Loss of Control
This partial defence is only available for murder. Section 54-55 Coroners and Justice Act 2009. Section 54 replaces the common law defence of provocation and the statutory defence under section 3 of the Homicide Act 1957.
Section 54 states:
‘Where a person (the defendant) kills or is a party to the killing of another (the victim), He is not to be convicted of murder if
· The defendant’s acts and omissions in doing or being a party to the killing resulted from the defendants loss of self-control,
· The loss of self-control had a qualifying trigger,
· A person of the defendant’s sex and age, with a normal degree of tolerance and self-restraint and in the circumstances as the defendant, might have reacted in the same or in a similar way.
There are three key elements to this defence:
· The defendant must kill as a result of loss of self-control;
· This loss of self-control must have been caused by a recognised “qualifying trigger”;
· A person with normal self-control might have reacted in a similar way in the defendants situation
“The Loss of Self Control”
S54(2) states that the loss of self-control does not need to be sudden. In other words there may be a time delay between the qualifying trigger and the reaction of the defendant in killing the victim. However, there must still be a loss of self-control. Therefore the longer the delay, the less likely is the judge to leave the defence to the jury, or the jury to believe that the killing resulted from a loss of self-control.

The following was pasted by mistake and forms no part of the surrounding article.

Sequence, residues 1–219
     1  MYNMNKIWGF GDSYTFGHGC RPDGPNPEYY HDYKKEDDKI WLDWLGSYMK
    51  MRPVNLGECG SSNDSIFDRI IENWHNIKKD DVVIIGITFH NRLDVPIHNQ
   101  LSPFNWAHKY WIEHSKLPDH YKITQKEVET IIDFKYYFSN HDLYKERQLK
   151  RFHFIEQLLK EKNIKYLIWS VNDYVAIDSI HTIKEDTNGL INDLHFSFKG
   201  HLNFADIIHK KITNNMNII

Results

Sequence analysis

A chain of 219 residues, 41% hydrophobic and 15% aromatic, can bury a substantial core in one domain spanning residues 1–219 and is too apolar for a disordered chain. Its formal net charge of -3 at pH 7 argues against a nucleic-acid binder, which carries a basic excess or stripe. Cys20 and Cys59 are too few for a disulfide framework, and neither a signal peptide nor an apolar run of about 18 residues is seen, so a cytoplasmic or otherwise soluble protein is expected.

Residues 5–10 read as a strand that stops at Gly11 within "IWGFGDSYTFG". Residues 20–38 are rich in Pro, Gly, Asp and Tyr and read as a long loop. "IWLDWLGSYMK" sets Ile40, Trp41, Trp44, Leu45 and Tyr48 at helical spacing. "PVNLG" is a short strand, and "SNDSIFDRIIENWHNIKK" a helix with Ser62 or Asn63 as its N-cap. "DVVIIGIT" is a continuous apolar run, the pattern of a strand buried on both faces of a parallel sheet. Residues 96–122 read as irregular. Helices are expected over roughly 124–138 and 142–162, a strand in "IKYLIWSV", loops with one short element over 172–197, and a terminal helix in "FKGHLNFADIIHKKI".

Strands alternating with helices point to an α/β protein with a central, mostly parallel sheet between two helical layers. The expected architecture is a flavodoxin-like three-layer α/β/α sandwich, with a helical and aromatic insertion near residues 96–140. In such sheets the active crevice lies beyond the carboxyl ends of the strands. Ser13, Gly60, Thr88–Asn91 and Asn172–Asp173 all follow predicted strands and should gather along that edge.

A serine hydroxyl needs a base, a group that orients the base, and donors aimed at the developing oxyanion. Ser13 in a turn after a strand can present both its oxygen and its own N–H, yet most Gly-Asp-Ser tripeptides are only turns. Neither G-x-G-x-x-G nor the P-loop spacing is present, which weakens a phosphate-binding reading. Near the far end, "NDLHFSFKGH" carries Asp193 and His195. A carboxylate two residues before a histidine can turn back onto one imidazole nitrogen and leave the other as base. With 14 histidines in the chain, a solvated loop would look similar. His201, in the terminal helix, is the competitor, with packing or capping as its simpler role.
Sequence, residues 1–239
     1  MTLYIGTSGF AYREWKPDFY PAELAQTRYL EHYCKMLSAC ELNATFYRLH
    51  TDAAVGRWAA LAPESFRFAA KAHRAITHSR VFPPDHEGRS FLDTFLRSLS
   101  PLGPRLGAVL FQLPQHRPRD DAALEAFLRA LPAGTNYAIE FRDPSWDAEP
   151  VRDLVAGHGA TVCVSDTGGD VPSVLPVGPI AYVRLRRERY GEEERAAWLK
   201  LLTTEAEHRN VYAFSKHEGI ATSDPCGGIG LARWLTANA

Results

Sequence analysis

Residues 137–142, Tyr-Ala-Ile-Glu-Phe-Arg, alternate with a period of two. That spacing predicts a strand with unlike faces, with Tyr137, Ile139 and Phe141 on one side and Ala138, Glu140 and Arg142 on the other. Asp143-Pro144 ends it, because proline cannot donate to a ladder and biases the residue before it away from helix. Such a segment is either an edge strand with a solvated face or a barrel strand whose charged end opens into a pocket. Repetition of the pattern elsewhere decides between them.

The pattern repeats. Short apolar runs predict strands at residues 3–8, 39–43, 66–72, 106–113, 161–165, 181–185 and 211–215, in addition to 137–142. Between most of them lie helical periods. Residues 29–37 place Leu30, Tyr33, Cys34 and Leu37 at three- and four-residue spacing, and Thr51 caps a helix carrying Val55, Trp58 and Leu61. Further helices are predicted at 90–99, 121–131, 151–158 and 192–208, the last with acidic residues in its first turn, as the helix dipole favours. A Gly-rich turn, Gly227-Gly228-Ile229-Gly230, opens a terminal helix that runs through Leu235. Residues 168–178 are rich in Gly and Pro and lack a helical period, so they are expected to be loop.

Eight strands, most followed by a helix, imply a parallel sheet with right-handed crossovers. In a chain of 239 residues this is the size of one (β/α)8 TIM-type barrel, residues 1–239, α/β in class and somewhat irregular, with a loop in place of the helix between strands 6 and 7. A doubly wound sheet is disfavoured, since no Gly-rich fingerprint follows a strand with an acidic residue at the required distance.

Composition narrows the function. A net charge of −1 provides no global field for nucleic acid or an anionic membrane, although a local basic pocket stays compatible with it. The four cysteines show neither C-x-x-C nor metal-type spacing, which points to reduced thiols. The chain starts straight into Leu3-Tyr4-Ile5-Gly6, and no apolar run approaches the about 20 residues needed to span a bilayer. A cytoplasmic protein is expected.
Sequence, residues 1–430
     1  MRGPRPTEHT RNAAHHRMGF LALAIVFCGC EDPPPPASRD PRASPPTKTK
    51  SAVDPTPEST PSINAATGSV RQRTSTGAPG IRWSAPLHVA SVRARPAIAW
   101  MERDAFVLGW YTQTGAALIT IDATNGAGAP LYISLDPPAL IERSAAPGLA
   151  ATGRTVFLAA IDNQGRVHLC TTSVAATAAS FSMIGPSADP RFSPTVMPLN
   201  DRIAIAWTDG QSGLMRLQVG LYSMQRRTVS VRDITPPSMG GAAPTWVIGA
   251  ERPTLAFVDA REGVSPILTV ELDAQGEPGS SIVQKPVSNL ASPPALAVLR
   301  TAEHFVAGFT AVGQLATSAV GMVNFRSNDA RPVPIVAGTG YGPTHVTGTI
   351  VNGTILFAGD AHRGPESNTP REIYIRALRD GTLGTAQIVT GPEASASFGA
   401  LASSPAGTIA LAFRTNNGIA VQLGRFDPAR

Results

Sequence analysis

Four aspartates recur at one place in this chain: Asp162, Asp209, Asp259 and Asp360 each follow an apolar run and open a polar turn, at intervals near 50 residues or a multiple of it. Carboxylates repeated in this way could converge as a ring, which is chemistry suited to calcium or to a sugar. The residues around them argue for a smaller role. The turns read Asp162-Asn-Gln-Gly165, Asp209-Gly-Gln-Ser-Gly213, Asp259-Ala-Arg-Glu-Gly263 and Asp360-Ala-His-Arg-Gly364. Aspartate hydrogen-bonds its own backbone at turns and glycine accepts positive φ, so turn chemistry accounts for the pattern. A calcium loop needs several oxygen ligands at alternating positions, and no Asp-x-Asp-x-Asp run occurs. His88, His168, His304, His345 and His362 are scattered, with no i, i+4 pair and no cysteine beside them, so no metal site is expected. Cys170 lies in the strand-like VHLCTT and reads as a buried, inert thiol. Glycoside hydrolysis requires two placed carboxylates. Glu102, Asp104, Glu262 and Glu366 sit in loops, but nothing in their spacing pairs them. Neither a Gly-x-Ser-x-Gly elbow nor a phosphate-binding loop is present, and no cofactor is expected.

The case of Ibrams and Gregory (1981) CA illustrates this point. The defendants and a young woman had been terrorised by the victim. They devised a plan, which involved the woman enticing the deceased to her bed, whereupon the defendants would burst into the room and attack him. They carried out this plan four days later, but killed their victim. At their trial, the judge withdrew from the jury the defence of provocation. They were convicted of murder, so appealed. The appeal was turned down: their attack had not been a sudden loss of self-control, but had been planned over many days. Such delay and evidence of planning would still operate against the defendant. Furthermore, it would be evidence of a considered desire for revenge. S54(4) specifically invalidates the defence where the killing is motivated by such a desire. Baillie would be a relevant case to consider under the previous law. Baillie discovered that his sons had been supplied with drugs and threatened with violence by a drug dealer. He took his sawn-off shotgun and cut-throat razor, and drove round to the estate where the dealer lived. On the way he was delayed by a minor road accident. After an argument at the house of the dealer, he fired his gun and killed the man. The judge told the jury to…